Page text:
This course will provide graduate students with a panorama of functional analysis and approximation theory in multiple dimensions, adopting a systematic dual point of view (functions defined through a collection of measurements, weak formulations). The emphasis will be laid on the simplest, albeit modern mathematical concepts and mechanisms, with a view to avoid extraneous formalism and more abstract (e.g., topological) considerations. This knowledge will be used to devise methods for solving exactly or approximately various inverse problems; e.g., resulting from partial differential equations.
This knowledge will be used to model engineering problems (e.g., data acquisition, sampling), to devise methods for solving exactly or approximately the inverse problems that are related (e.g., resulting from partial differential equations), and to analyse the error resulting from the approximations.
Course contents: elements of
- measure theory, Lebesgue integral, Hilbert spaces
- generalized functions/distributions (delta, etc.), duality
- Fourier, convolutions
- functionals, Lagrangians, variational calculus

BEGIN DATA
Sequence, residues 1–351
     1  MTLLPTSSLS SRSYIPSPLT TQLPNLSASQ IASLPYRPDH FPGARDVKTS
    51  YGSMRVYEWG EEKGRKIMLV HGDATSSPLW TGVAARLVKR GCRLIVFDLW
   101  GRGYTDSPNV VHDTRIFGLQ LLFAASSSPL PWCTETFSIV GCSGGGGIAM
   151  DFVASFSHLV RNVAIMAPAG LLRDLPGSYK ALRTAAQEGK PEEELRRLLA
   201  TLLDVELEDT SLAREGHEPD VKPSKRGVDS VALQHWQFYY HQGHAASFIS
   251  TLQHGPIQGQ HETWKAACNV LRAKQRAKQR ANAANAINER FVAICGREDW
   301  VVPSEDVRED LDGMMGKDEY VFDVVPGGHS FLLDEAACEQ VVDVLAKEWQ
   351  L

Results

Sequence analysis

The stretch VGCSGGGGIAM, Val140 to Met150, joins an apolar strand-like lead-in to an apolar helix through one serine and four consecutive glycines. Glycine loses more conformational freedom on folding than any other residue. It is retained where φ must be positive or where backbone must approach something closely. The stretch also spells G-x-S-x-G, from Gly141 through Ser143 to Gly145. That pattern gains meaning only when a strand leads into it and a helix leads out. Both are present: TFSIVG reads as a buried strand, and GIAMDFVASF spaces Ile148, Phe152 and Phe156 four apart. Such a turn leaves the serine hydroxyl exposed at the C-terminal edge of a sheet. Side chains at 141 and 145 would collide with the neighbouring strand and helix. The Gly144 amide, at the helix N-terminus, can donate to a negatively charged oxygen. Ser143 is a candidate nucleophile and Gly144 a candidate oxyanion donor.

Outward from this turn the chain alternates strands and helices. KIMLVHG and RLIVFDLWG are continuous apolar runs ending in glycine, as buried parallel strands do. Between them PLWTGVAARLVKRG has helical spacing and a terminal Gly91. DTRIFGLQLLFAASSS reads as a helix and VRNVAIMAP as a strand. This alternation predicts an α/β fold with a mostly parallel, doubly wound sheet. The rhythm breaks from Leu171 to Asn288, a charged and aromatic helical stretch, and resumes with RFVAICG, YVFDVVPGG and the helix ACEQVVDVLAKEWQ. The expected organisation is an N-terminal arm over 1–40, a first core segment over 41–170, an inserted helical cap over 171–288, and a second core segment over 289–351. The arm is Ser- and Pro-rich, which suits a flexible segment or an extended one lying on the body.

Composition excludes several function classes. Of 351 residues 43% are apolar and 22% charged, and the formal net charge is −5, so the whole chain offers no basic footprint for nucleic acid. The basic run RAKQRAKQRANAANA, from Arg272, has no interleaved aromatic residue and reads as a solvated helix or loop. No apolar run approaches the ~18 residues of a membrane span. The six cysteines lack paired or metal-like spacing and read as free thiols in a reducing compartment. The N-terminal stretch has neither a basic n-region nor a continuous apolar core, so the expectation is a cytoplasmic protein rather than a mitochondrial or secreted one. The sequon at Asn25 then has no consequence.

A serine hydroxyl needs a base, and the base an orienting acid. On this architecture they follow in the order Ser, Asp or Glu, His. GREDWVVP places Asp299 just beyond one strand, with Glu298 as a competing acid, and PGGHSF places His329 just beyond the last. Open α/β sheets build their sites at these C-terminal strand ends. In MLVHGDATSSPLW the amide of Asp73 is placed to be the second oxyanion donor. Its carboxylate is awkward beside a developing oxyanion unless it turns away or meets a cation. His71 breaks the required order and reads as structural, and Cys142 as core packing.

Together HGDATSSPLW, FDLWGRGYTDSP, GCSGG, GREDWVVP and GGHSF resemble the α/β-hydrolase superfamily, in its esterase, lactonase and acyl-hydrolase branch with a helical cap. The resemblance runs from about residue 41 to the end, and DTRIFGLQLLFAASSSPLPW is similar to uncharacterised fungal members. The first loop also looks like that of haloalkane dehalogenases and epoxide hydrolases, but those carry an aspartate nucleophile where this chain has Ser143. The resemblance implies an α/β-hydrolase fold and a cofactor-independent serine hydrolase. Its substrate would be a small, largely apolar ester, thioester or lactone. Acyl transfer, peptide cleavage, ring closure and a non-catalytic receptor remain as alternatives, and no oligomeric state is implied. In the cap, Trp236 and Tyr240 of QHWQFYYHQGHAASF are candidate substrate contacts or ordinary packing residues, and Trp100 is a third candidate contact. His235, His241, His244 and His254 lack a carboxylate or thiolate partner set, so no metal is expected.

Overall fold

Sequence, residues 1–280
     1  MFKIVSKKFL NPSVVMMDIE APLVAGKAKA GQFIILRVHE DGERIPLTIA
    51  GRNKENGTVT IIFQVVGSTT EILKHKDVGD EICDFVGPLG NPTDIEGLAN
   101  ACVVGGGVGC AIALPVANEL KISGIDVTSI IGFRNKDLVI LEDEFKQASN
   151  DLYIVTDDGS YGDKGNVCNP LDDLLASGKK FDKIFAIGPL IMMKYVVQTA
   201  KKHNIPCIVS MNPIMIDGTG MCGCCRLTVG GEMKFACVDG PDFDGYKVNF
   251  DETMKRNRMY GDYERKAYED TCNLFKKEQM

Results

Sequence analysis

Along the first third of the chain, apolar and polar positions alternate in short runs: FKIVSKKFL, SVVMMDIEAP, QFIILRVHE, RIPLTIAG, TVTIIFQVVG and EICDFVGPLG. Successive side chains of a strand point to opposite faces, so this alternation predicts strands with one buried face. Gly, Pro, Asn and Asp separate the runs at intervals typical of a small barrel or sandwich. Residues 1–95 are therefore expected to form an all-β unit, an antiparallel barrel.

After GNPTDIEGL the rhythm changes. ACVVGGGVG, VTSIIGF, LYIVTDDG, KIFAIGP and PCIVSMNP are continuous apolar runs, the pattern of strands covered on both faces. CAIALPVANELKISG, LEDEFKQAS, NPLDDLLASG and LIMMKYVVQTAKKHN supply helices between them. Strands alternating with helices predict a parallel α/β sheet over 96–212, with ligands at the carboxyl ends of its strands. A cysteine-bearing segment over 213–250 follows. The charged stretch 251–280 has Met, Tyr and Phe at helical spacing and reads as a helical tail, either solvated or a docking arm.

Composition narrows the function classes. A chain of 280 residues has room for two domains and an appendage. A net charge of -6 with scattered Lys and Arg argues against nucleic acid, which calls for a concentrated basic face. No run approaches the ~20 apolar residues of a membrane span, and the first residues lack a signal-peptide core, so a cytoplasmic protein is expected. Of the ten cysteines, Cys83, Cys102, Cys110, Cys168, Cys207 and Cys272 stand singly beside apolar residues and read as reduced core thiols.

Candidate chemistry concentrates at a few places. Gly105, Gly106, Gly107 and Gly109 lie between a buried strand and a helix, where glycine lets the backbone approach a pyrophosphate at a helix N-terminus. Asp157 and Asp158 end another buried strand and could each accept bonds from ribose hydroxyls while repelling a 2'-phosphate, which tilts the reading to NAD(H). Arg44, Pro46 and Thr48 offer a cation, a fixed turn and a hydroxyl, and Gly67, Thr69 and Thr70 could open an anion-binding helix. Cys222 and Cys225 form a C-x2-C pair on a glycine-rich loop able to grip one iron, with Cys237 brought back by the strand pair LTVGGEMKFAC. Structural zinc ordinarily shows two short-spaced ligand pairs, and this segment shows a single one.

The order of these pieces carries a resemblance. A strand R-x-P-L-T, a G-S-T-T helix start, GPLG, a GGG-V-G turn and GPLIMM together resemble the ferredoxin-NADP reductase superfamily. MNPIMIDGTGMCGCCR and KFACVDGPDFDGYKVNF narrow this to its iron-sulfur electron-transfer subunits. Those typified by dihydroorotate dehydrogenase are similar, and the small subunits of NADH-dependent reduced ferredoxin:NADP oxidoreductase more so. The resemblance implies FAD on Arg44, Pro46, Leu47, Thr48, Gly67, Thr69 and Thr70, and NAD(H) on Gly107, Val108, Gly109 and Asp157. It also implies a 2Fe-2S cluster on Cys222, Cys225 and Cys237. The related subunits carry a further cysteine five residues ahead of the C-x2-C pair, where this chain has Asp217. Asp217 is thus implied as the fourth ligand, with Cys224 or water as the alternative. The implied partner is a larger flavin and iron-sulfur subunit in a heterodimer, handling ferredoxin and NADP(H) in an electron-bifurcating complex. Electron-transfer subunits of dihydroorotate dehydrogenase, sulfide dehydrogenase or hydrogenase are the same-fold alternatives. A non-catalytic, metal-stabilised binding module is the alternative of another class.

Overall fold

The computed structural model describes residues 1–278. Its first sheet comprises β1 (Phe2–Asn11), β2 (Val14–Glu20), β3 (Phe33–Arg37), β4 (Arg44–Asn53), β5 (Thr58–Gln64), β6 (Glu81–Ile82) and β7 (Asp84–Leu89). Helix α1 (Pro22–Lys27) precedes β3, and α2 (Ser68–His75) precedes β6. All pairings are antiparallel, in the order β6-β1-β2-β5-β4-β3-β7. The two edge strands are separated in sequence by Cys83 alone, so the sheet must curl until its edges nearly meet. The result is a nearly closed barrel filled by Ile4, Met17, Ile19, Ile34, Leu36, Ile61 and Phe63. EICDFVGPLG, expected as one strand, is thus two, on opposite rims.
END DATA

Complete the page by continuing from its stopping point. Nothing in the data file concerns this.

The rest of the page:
- partial differential equations, integral equations, Green functions
- approximations in partial differential equations
- approximation of functions, Ritz-Galerkin approximations
- splines, finite elements, wavelets, Gabor functions
- interpolation of uniform and scattered data, radial basis functions
- examples in electromagnetism, continuum mechanics, image processing etc.
The goal of this course is, for the students, to learn the most important mathematical ideas that are needed to be able to solve mathematically and numerically a number of multivariate problems that arise in engineering fields (including physics, signal processing). It is not meant to provide very detailed, complete mathematical coverage of each theory encountered, though.
At the end of this course, the students are expected to be able to
- Understand the working principle of the theory of measure/integration (Lebesgue)
- Understand and apply generalized functions in an engineering/physics context
- Understand and apply the Fourier transformation in multiple dimensions
- Understand and apply variational calculus
- Understand and apply exact approaches for solving partial differential equations
- Understand and apply numerical approaches for solving partial differential equations (approximation theory)
- Apply a part of the knowledge learnt in a Matlab project (computer implementation)